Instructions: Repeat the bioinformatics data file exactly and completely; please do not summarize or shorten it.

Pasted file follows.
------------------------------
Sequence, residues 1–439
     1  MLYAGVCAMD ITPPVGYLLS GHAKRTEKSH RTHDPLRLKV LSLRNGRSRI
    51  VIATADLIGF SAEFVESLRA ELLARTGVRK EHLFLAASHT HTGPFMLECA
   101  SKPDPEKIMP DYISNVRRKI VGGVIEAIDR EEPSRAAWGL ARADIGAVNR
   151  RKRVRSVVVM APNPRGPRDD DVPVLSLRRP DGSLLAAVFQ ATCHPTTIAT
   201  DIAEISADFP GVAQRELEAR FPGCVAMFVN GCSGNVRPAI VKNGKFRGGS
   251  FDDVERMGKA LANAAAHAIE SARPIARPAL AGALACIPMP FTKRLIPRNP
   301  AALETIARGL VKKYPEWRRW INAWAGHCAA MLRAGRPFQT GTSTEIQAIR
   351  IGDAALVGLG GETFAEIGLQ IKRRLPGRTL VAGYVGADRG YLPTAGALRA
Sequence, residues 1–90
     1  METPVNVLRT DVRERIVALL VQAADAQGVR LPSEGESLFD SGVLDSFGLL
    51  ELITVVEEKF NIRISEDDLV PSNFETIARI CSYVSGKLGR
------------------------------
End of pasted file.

Sequence, residues 1–439
     1  MLYAGVCAMD ITPPVGYLLS GHAKRTEKSH RTHDPLRLKV LSLRNGRSRI
    51  VIATADLIGF SAEFVESLRA ELLARTGVRK EHLFLAASHT HTGPFMLECA
   101  SKPDPEKIMP DYISNVRRKI VGGVIEAIDR EEPSRAAWGL ARADIGAVNR
   151  RKRVRSVVVM APNPRGPRDD DVPVLSLRRP DGSLLAAVFQ ATCHPTTIAT
   201  DIAEISADFP GVAQRELEAR FPGCVAMFVN GCSGNVRPAI VKNGKFRGGS
   251  FDDVERMGKA LANAAAHAIE SARPIARPAL AGALACIPMP FTKRLIPRNP
   301  AALETIARGL VKKYPEWRRW INAWAGHCAA MLRAGRPFQT GTSTEIQAIR
   351  IGDAALVGLG GETFAEIGLQ IKRRLPGRTL VAGYVGADRG YLPTAGALRA
Sequence, residues 1–90
     1  METPVNVLRT DVRERIVALL VQAADAQGVR LPSEGESLFD SGVLDSFGLL
    51  ELITVVEEKF NIRISEDDLV PSNFETIARI CSYVSGKLGR